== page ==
RIAs added more than 12 million non-high-net-worth retail advisory clients between 2012 and 2017, according to SEC figures cited in Reg BI. Some BDs achieved record profits by converting brokerage accounts into fee-based services, and all found more stable revenue in their RIA accounts.
“We’re wealth management firms; that’s what we’re doing for a living,” says Cetera Financial Group CEO Adam Antoniades. “In actuality, we’re some of the biggest RIAs in the world.”
The apparent paradox revolves around the fact that the expansion of their RIAs hasn’t sustained the same amount of BDs. The number tumbled by a third between 2005 and 2018 to less than 4,000, while the count of RIAs soared by 44% to more than 13,000, the SEC notes.
The channels evolved this way from the combined impacts of regulation, consolidation, tech innovation from robo advisors and online traders, and the rise of low-cost index funds and no-fee ETFs, among other factors, according to the regulator.
It’s likely “a reflection of the market for investment advice, and potentially of the choices available to retail investors regarding how to receive or pay for such advice, the nature of the advice and the attendant conflicts of interest,” the SEC wrote in Reg BI.
The changes stemming from the package of three rules — which also include a new “customer relationship summary” document and shifts in RIA guidelines — still hinge on the results of the 2020 election and court challenges. New administrations make new rules, and the lawsuits may consign Reg BI to the same fate as the Department of Labor’s fiduciary rule in 2018.
For the time being, IBDs are navigating Reg BI and the competition. To stem threats, IBDs are adapting some RIA methods: Kestra Financial launched its own RIA M&A channel last year. Because of the shifts in business, new regulations affect the firm less, CEO James Poer says.
“We are so heavily focused on investment advisory already, and so much of our revenues and earnings are tied to a fiduciary perspective already,” Poer said in a conference panel earlier this year. “We’re a wealth management business, we’re not a broker-dealer.”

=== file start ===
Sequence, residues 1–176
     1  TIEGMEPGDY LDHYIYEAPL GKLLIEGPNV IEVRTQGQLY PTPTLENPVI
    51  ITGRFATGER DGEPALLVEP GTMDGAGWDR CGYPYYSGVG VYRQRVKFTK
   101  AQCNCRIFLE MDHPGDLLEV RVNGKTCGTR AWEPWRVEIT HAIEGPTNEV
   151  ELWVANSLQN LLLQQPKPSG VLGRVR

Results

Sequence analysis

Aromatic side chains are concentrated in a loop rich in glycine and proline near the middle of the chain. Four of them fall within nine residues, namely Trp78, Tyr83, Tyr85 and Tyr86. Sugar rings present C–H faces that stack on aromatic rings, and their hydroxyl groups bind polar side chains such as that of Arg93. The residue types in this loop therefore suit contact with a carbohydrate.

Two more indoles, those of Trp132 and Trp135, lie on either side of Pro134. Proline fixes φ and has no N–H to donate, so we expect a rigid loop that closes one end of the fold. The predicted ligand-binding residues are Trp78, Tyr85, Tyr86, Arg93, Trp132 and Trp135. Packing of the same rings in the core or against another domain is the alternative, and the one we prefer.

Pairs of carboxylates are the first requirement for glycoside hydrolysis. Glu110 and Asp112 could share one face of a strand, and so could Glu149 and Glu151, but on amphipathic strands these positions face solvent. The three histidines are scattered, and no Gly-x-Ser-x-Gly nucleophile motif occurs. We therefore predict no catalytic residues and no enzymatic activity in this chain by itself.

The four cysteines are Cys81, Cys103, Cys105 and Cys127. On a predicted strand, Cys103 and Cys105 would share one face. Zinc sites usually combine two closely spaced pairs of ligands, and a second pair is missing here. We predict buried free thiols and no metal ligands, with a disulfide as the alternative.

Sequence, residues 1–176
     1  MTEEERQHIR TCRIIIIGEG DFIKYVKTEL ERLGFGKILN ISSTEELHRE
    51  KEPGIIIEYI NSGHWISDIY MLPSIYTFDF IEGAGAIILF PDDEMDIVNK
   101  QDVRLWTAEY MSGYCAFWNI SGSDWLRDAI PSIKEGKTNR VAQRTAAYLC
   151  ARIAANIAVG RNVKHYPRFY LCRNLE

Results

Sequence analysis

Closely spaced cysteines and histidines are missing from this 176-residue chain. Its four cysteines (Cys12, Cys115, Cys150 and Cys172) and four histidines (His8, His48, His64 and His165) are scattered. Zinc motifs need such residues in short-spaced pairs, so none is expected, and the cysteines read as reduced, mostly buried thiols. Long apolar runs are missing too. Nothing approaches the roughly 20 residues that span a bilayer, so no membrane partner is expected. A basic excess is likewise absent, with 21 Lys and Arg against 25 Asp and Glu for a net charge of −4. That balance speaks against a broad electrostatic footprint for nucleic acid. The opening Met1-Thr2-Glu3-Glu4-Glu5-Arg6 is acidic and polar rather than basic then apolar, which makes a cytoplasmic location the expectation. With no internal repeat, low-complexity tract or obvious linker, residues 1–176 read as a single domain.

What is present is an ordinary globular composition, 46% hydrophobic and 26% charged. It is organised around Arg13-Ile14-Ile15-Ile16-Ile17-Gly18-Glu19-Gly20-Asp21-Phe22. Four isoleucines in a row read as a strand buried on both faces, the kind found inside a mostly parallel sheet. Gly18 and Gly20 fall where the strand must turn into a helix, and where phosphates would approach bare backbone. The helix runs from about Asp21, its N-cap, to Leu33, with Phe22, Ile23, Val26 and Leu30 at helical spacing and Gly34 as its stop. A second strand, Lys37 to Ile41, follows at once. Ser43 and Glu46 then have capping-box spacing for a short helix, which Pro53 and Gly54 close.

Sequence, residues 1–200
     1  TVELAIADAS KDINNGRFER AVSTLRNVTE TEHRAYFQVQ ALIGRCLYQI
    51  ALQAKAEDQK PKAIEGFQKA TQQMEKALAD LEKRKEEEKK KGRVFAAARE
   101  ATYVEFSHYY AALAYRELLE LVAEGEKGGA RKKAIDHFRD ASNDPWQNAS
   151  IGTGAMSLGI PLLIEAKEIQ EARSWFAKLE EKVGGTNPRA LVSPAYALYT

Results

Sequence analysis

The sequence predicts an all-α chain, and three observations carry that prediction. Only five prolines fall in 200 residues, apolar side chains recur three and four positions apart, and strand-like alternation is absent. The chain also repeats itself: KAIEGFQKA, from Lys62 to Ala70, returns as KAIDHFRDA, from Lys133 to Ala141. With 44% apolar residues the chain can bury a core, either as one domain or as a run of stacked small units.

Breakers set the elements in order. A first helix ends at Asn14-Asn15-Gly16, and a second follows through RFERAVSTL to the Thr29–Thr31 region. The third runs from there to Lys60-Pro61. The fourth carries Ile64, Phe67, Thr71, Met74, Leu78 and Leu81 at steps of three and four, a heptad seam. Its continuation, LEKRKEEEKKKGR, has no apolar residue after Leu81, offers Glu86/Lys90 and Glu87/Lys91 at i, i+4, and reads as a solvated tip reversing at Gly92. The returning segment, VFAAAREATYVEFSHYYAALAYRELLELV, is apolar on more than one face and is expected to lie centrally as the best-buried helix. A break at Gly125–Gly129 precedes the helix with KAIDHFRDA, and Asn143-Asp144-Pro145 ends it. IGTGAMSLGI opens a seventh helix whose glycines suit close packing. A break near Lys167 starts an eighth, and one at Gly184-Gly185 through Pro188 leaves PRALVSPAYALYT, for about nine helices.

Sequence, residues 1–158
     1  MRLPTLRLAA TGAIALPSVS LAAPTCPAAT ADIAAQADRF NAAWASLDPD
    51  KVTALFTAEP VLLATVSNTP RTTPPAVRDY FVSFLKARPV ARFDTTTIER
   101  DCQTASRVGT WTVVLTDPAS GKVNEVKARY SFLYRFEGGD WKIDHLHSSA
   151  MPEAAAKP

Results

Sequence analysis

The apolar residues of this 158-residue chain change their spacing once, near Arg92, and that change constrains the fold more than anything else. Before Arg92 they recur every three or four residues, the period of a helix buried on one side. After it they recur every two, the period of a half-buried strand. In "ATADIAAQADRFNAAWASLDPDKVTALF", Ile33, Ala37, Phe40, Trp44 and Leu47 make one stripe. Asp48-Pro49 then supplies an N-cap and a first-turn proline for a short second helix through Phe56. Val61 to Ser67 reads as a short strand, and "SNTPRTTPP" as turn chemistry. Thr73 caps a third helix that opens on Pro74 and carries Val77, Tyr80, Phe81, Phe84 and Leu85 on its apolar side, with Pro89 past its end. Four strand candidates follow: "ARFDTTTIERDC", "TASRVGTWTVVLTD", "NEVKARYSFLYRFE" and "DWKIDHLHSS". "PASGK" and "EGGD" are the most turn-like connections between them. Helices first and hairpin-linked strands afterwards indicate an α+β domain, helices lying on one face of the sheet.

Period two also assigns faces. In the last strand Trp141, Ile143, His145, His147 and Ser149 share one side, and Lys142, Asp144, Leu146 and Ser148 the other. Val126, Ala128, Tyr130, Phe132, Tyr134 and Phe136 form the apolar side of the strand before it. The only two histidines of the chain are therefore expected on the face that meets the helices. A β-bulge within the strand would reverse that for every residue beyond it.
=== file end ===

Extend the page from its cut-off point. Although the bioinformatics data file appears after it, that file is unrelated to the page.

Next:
Similarly, Cambridge CEO Amy Webber sees prospects for using the robo disruption once thought to be an existential threat to the firm’s advantage. Cambridge plans to roll out digital tools for smaller and self-directed accounts with the potential to expand to full-service clients.
“Firms like ours are here to partner and allow financial professionals to leverage the pieces that they need, the expertise they need,” Webber says. “It’s a complex world where they don’t want to go it alone, but they don’t need the old model as much as they used to, by any means.”
LPL Financial, the No. 1 IBD for nearly two decades, is also flexing its scale and ability to offer multiple options to advisors. After opening a suite of wirehouse breakaway services in April, the firm planned to launch its employee advisor channel in the second quarter.
But the coronavirus is altering supply chains, corporate real estate, AI and the client experience, among other areas, CEO Dan Arnold said on the firm’s first-quarter earnings call. “In a climate like this … we believe it creates an incredible opportunity to learn and apply that learning going forward to drive real structural differences,” Arnold said.
‘Not for sale’
Even as they shift into new forms in challenging times, it’s difficult to pin IBDs down by a single definition. Their ranks span publicly traded firms including LPL, Ameriprise and Raymond James; PE-backed IBDs such as Advisor Group, Cetera, Kestra and Atria Wealth Solutions; insurer-owned firms including Northwestern Mutual, MassMutual’s IBD, Equitable Advisors and Lincoln Financial Network; and privately held firms, notably Cambridge and Commonwealth Financial Network.
One private midsize firm, United Planners Financial Services, displays a message at the top of its website stating that the firm is “adamantly not for sale.”
Another midsize IBD with private ownership, Independent Financial Group, generated $76 million in revenue in 2012 as the No. 52 firm in the space. In 2019, it produced $193.5 million as the No. 26 firm.
Niche-focused firms catering to specific groups such as the bank and credit union-based advisors, or CPAs and other tax professionals, remain fixtures as well.
Perhaps there is one way to corral the disparate elements: Focus on advisors, who are driving the long-term industry changes.
Firms with the agility, infrastructure and capital to keep up with planners and their clients will make it through the current crisis and be able to answer an even more-important question: What do advisors want IBDs to be?
An aging advisor population has provided space for the firms to evolve incrementally while sustaining less contraction than expected about five to 10 years ago, according to Echelon’s Armitage. The next generation won’t give the same leeway, she says.
“Staying with something that you know and love like a nice worn leather slipper is great; you don’t want it repaired. ... That inertia has really been helpful for the broker-dealers over the past few years,” Armitage says. “It’s a tightrope for them, for sure.”